11. Mr CHAN Kam-lam had reservations about the arrangement under the proposed new subsection (1A) of section 40 of the principal Ordinance. DD of M advised that staff of the Marine Department (MD) would, in patroling the waters of Hong Kong, become aware of the repair or breaking up works to be carried out to some of the vessels. If it was considered that the written permission of D of M was required for the works, the person in charge of the works would be notified accordingly. Mr CHAN Kam-lam was concerned about those cases which MD were not aware of and wondered who should be held responsible for accidents happened during the carrying out of the works. DD of M responded that so far, no problem had been experienced with the existing arrangement mentioned in paragraph 10 above. Permission from D of M for repairing or breaking up of vessels of 50 metres or less in length was therefore not required.
(Post-meeting note: In response to ALA2's letter dated 15 July 1999, the Administration replied on 19 July 1999 advising that at present, ship repairing and ship breaking activities for vessels under 50 metres in length were exempted from the control of Part V of the principal Ordinance. The proposed amendment to section 37 of the principal Ordinance, by clause 8 of the Bill, would remove such exemption. After enactment of the Bill, any repairing or breaking up work of vessels, irrespective of their length, would be subject to the provisions of Part V of the principal Ordinance. The Administration's policy intent was to tighten the control of such activities by including vessels under 50 metres in length under Part V of the principal Ordinance so as to minimize marine industrial accidents. ALA2's letter and the Administration's reply were circulated to members vide LC Paper No. CB(1) 1738/98-99 on 21 July 1999.)
The draft Shipping and Port Control (Cargo Handling) (Amendment) Regulation 1999
|12. In response to members' concerns about occupational safety, DSES and DD of M advised that under the draft Shipping and Port Control (Cargo Handling) (Amendment) Regulation 1999, new provisions on occupational safety would be added and general duties of care would be imposed on employers, persons in charge of works and persons employed. These proposed provisions had been drafted with reference to the relevant provisions of Cap. 59. To facilitate members' consideration, DSES undertook to provide a comparison of the proposed provisions of the draft Regulation and the relevant provisions of Cap. 59, in particular on:||Admin|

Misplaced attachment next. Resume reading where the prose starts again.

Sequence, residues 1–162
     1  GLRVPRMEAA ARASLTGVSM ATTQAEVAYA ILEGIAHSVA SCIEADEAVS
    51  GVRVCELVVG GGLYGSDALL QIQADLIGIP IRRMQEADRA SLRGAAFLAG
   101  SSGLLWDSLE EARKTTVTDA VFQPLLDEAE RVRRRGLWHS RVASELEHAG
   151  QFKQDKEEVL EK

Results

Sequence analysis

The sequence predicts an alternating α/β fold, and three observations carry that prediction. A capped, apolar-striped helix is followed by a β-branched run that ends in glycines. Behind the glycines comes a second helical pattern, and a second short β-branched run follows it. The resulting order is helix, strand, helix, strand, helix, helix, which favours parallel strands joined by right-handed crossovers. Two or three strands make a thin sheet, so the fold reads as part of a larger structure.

- safety helmet, etc.;
- general duties of an employer and a person in charge of works; and
- general duties of persons employed.
13. Responding to Mrs Miriam LAU, DSES advised that the draft Regulation would be made after the Bill was enacted and would be subject to negative vetting of the Legislative Council. The Administration did not propose to go into details of the draft Regulation at this stage. Mrs Miriam LAU was concerned that under the negative vetting procedure, Members would have only 28 days to scrutinize the Regulation.
Consultation with relevant Panels of the Legislative Council
|14. Mr LEE Kai-ming supported the Bill which sought to improve the safety of workers engaged in marine work activities. However, he noted that the Administration had not consulted the relevant Panel of the Legislative Council on the Bill. He considered such consultation essential so that the Panel and the Administration could have the opportunity of discussing the policy aspects of the proposed legislative amendments before the Bill was introduced to the Council. He requested the Administration to pay attention to this point.||Admin|
The way forward
15. At the suggestion of Mrs Miriam LAU, the Bills Committee agreed to invite deputations from the relevant industries to present their views on the Bill at the next meeting to be held on Monday, 26 July 1999 at 8:30 am. The Administration would also be invited to the meeting.
III. Any other business
16. The meeting ended at 10:15 am.
Legislative Council Secretariat
21 July 1999